Earth Work

Restoration Landscaping



A wildscape, a habitat garden for wildlife complete with sculptural watering basins, replaces a weedy slope at a coal-fired power plant.

Landscaping with native species–whether just a cluster of pots on a city balcony or a many-acre degraded industrial site–re-weaves the community of nature around us. Plants are the structure or backbone of natural communities, the framework on which other relationships are built. They provide the housing, cover, food, and sensory invitation for wildlife.

They are also our “breathing buddies,” as the poet Clifford Burke puts it: they respire the oxygen we inhale, and they inhale the carbon dioxide we (and our industrial processes) exhale. Without plants, Earth, our home planet would not only be bare, it would be barren of life as we know it. So be nice to the plants around you–not only do they add beauty to this world, they make our lives possible.

A rufous hummingbird rests between sipping nectar from wildflowers planted around a kitchen garden.

Why plant native species? The plants adapted to your particular site “know” how to summon other native species, from hummingbirds and butterflies to beneficial microbes in the soil and macro-sized native grazers. Those relationships help form healthy garden and landscape communities. Once established native plants need less watering, fertilizing and tending than non-natives. They’re less fussy about weather and soil conditions, more likely to thrive through the wild swings in weather from month to month and year to year that may defeat non-native or highly bred plants.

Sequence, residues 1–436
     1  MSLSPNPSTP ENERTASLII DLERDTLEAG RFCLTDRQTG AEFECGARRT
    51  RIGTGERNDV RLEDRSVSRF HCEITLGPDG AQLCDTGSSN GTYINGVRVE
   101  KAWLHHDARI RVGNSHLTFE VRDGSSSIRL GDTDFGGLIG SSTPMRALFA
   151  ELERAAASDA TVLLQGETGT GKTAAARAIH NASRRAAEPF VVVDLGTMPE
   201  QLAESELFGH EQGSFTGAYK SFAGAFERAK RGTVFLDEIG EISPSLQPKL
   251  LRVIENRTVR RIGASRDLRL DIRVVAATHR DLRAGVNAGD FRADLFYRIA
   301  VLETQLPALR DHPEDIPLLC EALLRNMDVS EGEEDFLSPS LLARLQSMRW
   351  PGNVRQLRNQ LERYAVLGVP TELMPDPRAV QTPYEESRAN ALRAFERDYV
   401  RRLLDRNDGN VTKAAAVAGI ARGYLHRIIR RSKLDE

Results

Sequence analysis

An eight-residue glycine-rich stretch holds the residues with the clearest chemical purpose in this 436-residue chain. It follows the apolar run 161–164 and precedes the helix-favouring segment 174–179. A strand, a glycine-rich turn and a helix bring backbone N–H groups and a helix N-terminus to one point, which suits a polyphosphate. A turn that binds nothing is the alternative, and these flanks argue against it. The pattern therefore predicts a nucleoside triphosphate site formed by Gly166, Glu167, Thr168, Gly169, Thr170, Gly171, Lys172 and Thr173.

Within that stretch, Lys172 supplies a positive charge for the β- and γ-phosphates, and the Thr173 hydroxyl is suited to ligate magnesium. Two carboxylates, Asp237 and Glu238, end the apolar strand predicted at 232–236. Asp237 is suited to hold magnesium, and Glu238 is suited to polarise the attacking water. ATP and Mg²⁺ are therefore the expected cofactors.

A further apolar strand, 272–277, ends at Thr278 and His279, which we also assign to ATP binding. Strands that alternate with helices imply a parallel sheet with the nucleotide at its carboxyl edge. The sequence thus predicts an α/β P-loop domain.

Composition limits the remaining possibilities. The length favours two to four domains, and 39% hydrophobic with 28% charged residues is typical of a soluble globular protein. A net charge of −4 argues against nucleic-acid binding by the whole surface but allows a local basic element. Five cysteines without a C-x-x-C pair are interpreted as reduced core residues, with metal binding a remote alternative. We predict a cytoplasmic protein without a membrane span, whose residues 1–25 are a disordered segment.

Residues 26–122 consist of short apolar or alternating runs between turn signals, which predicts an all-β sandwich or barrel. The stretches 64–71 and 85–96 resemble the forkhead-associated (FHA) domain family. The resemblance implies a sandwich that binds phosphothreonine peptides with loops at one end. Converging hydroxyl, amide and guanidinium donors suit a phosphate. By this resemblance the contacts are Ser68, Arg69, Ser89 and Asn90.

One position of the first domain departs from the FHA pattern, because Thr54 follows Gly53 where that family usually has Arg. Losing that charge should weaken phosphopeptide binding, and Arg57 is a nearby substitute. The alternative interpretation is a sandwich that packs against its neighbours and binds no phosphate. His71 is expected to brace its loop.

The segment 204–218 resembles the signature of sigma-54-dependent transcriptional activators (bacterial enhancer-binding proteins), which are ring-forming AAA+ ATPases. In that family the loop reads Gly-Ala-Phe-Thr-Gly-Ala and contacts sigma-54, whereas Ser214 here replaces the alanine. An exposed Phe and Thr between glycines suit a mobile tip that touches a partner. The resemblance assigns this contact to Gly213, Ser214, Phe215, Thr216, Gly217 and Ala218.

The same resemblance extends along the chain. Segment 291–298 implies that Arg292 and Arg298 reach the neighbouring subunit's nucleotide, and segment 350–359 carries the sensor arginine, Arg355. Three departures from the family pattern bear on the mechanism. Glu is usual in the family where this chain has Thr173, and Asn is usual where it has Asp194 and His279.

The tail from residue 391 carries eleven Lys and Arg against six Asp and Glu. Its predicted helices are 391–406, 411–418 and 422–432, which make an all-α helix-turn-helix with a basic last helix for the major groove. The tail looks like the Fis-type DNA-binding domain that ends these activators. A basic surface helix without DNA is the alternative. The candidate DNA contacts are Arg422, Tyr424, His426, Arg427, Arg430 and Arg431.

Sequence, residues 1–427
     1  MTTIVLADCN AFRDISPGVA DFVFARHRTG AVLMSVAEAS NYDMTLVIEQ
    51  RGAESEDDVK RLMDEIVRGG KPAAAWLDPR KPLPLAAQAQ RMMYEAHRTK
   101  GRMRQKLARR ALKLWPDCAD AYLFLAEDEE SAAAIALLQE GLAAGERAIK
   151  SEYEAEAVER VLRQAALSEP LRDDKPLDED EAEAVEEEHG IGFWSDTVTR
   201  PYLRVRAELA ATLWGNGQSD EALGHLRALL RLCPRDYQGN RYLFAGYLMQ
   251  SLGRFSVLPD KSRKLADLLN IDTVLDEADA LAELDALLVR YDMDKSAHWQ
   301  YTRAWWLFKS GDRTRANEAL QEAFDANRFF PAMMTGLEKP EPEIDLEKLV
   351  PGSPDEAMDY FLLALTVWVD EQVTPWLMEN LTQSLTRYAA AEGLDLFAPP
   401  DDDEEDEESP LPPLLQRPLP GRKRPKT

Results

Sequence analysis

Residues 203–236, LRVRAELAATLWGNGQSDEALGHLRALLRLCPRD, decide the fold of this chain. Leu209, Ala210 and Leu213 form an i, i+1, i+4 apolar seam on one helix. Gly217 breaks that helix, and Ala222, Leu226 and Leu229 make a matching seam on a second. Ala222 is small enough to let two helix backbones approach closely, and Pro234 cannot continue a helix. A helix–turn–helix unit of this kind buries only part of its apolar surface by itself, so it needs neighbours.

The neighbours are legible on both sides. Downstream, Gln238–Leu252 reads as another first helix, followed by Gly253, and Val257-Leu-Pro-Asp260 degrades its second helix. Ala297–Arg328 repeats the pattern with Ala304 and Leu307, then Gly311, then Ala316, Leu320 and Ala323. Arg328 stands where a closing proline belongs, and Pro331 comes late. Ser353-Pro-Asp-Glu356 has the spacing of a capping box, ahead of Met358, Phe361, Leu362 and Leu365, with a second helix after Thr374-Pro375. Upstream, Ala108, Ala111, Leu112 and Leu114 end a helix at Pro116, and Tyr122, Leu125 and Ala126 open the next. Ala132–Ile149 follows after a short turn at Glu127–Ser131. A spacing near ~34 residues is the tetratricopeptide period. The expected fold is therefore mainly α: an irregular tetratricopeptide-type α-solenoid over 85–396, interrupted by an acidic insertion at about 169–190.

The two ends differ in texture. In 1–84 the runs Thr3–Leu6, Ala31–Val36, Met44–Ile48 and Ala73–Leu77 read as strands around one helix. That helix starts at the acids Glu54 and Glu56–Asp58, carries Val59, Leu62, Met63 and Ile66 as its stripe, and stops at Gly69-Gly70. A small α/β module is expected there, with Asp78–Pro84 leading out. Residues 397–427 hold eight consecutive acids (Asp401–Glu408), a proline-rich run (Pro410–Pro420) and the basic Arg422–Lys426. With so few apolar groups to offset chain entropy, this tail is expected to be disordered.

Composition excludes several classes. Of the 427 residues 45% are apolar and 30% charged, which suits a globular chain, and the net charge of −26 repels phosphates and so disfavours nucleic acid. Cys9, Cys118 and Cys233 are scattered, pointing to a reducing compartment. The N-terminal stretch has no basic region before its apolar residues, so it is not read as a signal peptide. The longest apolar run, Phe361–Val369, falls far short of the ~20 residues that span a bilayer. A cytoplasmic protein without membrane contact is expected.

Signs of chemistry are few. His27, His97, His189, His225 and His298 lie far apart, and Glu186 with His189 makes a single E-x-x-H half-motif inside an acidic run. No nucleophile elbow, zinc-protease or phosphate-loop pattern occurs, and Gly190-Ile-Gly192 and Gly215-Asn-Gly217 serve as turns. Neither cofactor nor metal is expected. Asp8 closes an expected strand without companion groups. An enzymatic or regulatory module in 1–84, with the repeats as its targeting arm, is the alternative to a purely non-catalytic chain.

Further, native plants have the magic of belonging: they “speak” to other native species via the chemical language shared by plants and all other species (even we humans dimly remember the language of scents–hence our use of perfumes and scents of all sorts). Such plant “talk” summons the other species–birds, insects, and animals large and small–whose interactions re-weave the community of the land, bringing the beauty and nurturing qualities of nature back to our yards and neighborhoods.
Native skunkbrush sumac is tough and hardy, feeds pollinators and songbirds, and provides a blaze of autumn color. 

Still to come: slide shows offering a look at some of the award-winning wildscaping and habitat restoration projects I’ve been involved in, restoring the healing balm of nature to the places where we live, work and play. 

One of my projects: Restoring a block of degraded urban creek from the photo above...

To this. Which would you prefer? 

Here's a project in progress: an unused suburban front lawn becomes an oasis for pollinators and people.

The yard before...

And the first fall after re-design... 

The weedy and water-hogging lawn has been replaced by bike/pedestrian paths, sitting areas, and colorful xeriscape gardens designed to attract pollinators and hummingbirds. The homeowners and neighbors love it!